In terms of tension, there will always be tensions. But at the same time, there will always be music. Whether it’s Standing Rock or any other bullshit that’s going on in the world, there’s always that tool, that’s music. And you notice that a lot of the artists, even actors, they’re the ones that [were] helping at Standing Rock the most. You see Drezus out there, you see Shailene Woodley out there, these are the creative people, so like I said, music itself will always do its part.

IT: What would your advice be to the youth who are getting into music or even reggae?

YS: I would say to the youth to remain individuals, and to remain accustomed to what you know as a person and as a youth. Things are constantly changing. The thing about the youth now days is that they’re so dead-set on what’s happening right now and they think that’s going to be the rest of their lives. But I want the youth to know that things are going to constantly be changing. Life’s like a sudden rainbow: it’s there then it’s gone. So my advice to the youth is to remain individuals and remain your own power, get your power from yourself.

IT: I’m sure your music will inspire a lot of youth, but at the same time, what inspires you?

YS: My inspiration is culture, culture is there to preserve us as human beings. Culture is there to inspire. When I look at my dreadlocks, my skin, the way I talk, the way I am, my family and everything, those are my inspirations, that’s the culture.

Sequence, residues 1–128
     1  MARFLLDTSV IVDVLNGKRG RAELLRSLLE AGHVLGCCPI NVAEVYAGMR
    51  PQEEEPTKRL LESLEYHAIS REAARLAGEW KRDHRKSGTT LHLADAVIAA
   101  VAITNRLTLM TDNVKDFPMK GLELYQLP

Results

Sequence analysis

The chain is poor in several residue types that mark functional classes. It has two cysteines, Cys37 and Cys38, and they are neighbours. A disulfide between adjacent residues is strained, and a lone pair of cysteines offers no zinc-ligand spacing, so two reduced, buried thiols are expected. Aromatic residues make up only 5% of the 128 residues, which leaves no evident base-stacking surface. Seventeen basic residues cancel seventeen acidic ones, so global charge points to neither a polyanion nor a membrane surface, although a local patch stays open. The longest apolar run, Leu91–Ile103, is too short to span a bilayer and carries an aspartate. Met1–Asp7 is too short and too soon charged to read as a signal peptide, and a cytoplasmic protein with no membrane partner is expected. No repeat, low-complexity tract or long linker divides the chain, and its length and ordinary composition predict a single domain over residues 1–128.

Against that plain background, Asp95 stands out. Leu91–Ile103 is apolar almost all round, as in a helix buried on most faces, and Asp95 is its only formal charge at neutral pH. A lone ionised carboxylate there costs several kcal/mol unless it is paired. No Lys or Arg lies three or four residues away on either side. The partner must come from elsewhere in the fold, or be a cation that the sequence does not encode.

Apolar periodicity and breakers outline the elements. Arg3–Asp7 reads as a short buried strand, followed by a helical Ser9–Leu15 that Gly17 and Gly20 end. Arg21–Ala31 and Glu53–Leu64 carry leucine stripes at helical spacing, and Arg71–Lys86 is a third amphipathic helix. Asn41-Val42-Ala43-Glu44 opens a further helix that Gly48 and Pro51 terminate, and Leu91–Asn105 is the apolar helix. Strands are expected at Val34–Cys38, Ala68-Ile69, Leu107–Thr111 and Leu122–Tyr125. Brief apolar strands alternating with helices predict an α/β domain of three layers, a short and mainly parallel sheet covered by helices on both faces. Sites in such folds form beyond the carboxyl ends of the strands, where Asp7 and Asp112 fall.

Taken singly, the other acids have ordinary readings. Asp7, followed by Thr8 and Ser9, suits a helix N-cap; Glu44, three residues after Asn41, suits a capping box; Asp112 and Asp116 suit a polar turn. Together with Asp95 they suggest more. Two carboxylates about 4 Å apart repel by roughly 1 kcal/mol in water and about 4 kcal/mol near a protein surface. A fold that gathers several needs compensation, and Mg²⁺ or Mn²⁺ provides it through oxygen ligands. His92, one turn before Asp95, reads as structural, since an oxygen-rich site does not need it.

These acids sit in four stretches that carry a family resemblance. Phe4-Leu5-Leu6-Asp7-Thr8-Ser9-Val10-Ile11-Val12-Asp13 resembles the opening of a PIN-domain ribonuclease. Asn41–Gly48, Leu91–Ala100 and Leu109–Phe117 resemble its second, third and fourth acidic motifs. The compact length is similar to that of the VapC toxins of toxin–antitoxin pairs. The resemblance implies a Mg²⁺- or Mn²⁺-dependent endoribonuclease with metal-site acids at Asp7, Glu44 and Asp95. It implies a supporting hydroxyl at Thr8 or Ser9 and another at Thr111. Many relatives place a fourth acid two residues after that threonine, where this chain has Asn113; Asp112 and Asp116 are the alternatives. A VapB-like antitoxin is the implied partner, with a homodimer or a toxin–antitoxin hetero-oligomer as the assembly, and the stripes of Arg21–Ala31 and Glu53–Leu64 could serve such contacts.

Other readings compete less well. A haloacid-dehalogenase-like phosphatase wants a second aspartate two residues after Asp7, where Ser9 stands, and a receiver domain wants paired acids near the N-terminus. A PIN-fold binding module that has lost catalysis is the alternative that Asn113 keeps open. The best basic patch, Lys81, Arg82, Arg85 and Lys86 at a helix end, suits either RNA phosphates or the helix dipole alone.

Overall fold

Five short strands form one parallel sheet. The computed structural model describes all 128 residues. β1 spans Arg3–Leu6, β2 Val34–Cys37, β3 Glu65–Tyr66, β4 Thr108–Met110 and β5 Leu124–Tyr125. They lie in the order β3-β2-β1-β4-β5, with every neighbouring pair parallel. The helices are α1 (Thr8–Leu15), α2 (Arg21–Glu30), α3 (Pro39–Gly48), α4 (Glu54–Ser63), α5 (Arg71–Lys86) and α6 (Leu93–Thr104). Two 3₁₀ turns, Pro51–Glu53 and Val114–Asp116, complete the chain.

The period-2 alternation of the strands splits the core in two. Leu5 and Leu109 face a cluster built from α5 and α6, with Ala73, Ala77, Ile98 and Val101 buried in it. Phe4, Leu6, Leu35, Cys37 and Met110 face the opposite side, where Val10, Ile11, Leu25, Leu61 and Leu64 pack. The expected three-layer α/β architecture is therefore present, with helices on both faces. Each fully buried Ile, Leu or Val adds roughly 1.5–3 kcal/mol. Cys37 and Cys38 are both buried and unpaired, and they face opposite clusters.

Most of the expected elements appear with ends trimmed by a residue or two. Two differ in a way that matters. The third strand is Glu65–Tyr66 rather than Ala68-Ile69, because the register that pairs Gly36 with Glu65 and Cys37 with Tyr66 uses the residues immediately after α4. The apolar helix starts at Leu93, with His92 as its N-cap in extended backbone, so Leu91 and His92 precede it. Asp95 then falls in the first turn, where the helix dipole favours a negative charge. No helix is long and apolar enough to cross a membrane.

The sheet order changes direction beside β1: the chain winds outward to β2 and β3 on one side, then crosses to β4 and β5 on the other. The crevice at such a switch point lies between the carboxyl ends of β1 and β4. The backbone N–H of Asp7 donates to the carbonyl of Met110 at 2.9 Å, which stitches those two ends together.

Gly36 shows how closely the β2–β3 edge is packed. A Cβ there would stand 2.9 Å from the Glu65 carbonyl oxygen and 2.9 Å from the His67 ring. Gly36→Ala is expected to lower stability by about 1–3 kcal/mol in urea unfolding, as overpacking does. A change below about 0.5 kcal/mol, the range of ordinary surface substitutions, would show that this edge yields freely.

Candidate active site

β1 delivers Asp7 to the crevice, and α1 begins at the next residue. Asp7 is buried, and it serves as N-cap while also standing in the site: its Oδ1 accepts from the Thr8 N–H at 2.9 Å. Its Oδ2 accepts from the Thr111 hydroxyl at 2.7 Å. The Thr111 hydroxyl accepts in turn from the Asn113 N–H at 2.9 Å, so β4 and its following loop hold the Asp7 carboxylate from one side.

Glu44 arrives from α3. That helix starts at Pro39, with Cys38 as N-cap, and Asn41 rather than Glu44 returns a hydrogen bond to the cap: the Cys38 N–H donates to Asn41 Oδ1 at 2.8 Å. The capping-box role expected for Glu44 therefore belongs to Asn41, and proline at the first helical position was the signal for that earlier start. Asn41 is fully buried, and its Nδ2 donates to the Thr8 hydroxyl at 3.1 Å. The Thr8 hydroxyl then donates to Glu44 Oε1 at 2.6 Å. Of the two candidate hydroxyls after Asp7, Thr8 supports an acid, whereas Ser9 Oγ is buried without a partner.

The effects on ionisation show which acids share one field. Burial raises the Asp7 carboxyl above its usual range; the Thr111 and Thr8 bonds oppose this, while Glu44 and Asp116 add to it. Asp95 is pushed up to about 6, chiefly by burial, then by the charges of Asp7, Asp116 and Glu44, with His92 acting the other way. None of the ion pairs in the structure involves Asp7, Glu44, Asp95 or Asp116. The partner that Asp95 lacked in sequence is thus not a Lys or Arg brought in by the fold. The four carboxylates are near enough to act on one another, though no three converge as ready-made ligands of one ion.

IT: Thanks Yellowsky, I look forward to seeing you perform again, and for you to bring your positive sound and vibes to our communities.

YS: All I got to say is word, sound, and power. That’s it, that’s the formula. Word, sound, and power.

www.soundcloud.com/yellowsky306
Youtube: Yellowsky306

By Armand LaPlante
For Indigenous Times Newspaper June 2013 Edition

MC RedCloud

The setting is a loft on a warm  night in Los Angeles, medicine California on a lively night in May. MC RedCloud and Crystle Lightning, the pair that make up eclectic, house, hiphop duo LightningCloud, are filming a new music video in front of a large green screen. The differing music styles of RedCloud and Crystle complement each other so well in this fresh new group; they have been referred to as the Red version of Bonnie & Clyde. During a short break at the video shoot I got to talk to MC RedCloud for a few minutes.